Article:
“From time to time, when the other hand is engaged, the affected hand may hop in and try to interfere with that hand or do something counter to it,” notes the source, who cites a neuropsychologist familiar with the condition. This condition can be the result of medical trauma (such as a stroke) that affects the connection between the brain’s hemispheres, it adds.
3. Geographic Tongue
This is a strange physical condition that creates a map-like appearance to your tongue, giving it its nickname. Although the condition is benign (harmless) according to WebMD, it can be troubling to the patient and possibly alarming to people seeing it.
The source says the telltale signs include “irregular, smooth, red patches on parts of the tongue,” which can move around and come or go. The appearance is caused by the disappearance of sections of the upper layer of the tongue (small bumps called papillae), but no one is sure why this occurs, says the source. Genetics may play a role, it adds.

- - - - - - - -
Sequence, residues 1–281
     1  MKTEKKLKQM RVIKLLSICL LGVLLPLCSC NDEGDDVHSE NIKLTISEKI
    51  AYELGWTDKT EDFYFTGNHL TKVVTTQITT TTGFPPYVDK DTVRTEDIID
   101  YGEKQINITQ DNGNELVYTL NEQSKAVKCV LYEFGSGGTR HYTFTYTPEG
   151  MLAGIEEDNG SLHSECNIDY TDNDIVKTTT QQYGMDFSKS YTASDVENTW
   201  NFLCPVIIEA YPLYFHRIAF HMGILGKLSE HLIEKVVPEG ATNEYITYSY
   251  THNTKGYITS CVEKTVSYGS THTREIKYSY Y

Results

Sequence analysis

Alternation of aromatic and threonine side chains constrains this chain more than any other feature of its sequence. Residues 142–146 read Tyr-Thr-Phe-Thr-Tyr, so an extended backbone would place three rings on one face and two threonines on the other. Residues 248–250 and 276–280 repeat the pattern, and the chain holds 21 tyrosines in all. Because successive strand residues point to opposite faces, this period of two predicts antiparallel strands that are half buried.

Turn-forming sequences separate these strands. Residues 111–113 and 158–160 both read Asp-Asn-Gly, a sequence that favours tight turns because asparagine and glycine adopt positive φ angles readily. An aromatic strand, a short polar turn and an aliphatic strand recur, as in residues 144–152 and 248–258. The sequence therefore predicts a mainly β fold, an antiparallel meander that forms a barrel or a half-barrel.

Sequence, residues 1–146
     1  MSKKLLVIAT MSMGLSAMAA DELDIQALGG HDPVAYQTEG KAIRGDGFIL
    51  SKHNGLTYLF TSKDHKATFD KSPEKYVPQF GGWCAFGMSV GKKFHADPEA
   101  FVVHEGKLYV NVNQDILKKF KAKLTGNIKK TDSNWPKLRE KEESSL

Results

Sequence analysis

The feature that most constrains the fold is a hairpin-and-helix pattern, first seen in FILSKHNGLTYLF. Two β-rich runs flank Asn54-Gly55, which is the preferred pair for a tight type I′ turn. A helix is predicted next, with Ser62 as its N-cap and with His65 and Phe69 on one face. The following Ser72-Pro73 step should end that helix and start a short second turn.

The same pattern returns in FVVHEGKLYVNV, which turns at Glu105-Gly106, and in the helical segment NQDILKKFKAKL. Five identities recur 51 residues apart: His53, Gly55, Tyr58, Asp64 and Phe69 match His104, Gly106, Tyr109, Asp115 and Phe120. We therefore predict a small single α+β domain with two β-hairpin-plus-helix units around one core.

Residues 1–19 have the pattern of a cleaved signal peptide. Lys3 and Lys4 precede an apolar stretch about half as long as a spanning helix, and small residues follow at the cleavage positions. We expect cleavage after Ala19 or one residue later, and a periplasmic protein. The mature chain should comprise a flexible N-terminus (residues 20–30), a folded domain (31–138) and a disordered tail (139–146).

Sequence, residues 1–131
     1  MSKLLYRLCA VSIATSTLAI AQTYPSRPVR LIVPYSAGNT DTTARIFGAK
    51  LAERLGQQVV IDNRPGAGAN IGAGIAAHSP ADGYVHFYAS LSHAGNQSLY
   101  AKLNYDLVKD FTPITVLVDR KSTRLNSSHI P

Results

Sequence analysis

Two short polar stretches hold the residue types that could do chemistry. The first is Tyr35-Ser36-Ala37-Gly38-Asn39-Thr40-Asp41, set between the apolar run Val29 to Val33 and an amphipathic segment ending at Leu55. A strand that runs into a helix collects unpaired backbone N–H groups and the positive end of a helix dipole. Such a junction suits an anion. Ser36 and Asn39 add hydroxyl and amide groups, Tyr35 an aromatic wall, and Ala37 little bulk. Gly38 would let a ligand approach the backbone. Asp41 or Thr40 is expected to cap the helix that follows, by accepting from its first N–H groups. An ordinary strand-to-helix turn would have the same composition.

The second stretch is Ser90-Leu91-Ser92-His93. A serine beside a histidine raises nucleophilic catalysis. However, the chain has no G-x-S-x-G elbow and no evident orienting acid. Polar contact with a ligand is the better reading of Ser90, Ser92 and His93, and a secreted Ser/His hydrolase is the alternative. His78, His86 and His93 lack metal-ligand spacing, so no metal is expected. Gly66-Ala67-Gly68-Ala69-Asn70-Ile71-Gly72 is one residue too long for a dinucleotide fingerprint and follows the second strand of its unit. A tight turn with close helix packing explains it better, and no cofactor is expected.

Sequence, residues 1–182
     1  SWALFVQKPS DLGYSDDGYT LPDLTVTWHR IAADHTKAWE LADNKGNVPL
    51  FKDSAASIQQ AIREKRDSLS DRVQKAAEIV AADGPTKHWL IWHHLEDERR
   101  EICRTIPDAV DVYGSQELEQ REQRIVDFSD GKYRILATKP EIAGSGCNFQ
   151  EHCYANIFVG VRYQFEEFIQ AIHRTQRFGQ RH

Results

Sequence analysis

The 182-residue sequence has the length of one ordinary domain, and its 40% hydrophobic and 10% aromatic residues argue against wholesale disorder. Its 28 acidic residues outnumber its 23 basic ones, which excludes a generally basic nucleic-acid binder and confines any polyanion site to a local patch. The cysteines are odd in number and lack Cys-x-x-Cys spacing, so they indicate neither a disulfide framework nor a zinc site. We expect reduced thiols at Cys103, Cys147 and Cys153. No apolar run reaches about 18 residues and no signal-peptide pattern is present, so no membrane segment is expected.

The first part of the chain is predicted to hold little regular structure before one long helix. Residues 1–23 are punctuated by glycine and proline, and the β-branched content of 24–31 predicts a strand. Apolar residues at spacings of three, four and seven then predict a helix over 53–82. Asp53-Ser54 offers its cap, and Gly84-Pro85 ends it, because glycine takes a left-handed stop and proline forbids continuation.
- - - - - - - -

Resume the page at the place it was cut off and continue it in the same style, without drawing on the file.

4. Morgellons Disease
The Mayo Clinic describes this as an “unexplained skin condition” that typically involves small fibers emerging from skin pores. The result is the patient feeling as if something is crawling on them, or even stinging their skin, it adds.
Doctors seem to be divided about what the condition really is – some believe it’s an infection of the skin cells, while other doctors believe it’s a “delusional manifestation” that can be treated with antidepressants and counseling, adds the source. In either case, there are physical signs – including skin rashes, sores, “threads or black stringy material in and on the skin,” as well as cognitive impacts such as difficulty concentrating and memory loss, it adds.